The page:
Investment risk can be measured in different ways. In this article, we’ll take a look at two popular risk metrics: volatility and maximum drawdown. These statistics (and a lot more) are calculated on our TSP funds page, and updated every business day.

One popular risk metric is volatility. Technically speaking, this refers to the standard deviation of the annual returns. Basically, you calculate an average value of the returns, and then look at how much any given return measurement differs from that average. An investment that has very steady returns, like the G Fund, has very low standard deviation or volatility. The G Fund is in fact guaranteed not to lose any money, and its standard deviation (zero percent) is by far the lowest of all funds. On the opposite side of the volatility spectrum, the S Fund (small cap U.S. stocks) has the largest annualized standard deviation: 21.44% as of this writing, and is therefore the riskiest. The I Fund (international stocks) is a close second, with a standard deviation of 19.63%, and coming in third is the C Fund (U.S. large cap stocks) at 18.35%. You can also see this by inspecting a historical chart of these funds: lots of ups and downs. Compare this to the F Fund (U.S. bonds) which has a relatively smooth return curve, and a standard deviation of 4.04%.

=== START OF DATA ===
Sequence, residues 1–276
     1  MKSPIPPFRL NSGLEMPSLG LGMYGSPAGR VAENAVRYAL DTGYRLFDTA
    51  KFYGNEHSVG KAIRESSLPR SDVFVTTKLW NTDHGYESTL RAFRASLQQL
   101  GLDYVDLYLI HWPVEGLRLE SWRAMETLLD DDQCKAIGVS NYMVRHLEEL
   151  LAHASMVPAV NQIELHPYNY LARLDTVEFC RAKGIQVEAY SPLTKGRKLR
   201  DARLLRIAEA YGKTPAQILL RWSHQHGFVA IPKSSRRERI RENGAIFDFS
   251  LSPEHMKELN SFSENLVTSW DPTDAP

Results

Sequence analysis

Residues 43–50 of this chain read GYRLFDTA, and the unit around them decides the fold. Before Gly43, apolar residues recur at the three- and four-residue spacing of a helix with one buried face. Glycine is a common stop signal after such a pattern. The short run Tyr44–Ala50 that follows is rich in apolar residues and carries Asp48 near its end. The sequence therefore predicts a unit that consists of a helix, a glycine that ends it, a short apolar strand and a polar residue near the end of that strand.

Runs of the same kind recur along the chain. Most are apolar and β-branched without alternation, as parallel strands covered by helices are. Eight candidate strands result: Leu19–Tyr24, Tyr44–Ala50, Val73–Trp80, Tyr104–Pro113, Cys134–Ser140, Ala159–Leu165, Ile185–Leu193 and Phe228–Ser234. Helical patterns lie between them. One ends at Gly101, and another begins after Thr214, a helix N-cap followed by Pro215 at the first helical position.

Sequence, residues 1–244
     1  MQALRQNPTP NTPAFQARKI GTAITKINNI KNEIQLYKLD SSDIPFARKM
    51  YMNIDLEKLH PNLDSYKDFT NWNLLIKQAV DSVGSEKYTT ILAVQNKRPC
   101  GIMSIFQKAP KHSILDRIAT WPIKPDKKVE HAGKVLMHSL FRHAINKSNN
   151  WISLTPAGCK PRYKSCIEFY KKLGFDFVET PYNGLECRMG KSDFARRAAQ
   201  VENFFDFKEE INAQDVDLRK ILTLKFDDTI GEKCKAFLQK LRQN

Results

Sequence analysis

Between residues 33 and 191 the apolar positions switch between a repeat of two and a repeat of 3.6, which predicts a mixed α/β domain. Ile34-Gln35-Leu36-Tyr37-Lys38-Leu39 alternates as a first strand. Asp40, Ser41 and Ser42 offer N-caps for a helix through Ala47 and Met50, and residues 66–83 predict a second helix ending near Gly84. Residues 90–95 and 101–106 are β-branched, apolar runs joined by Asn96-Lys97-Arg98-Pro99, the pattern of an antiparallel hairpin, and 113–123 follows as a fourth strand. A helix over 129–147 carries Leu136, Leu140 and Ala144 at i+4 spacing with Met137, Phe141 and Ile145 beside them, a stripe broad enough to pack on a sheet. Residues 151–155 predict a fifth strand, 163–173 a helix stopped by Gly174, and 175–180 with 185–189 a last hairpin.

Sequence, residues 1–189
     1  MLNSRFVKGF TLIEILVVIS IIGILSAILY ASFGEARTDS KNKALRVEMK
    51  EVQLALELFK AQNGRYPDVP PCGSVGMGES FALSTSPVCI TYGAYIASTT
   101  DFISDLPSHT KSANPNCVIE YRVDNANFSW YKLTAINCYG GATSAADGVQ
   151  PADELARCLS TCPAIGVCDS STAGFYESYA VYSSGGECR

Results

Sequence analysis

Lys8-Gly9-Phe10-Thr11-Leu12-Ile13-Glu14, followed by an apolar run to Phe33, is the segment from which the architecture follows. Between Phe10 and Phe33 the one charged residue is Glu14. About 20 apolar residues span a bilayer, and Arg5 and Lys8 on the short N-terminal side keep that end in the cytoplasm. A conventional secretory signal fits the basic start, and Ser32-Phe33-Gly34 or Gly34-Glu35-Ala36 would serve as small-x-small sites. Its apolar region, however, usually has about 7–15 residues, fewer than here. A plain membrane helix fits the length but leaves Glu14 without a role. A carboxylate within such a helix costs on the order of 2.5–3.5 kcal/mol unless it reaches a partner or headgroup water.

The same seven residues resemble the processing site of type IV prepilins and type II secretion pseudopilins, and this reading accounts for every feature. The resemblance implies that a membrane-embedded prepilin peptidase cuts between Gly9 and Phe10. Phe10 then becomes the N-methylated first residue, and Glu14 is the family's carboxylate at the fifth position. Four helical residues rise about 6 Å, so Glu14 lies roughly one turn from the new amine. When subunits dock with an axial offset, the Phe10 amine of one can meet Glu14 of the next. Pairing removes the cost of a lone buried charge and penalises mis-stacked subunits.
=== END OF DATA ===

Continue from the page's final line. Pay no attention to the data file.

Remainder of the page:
The second risk metric we’ll look at is maximum drawdown. This is the largest historical peak-to-trough decline in the TSP fund value, measured as a percentage between the peak and the trough. Another way to look at this is to visualize an investor who had the misfortune of buying the fund at its previous peak value, and then holding it all the way through to its worst decline. By this measure, the I Fund is the riskiest, with a maximum drawdown of -60.89%, which occurred during the 2008-2009 global financial crisis. (An investor who’d bought the fund at its peak in 2007 would have experienced a 60.89% loss by March 2009). Compare this to the G Fund (zero drawdown) or the F Fund: -5.15% maximum drawdown.

You can use the same risk metrics when evaluating an investment strategy. So for example, the TSP Folio strategy as of this writing has an annualized standard deviation of 6.5%, and a maximum drawdown of -10.2%.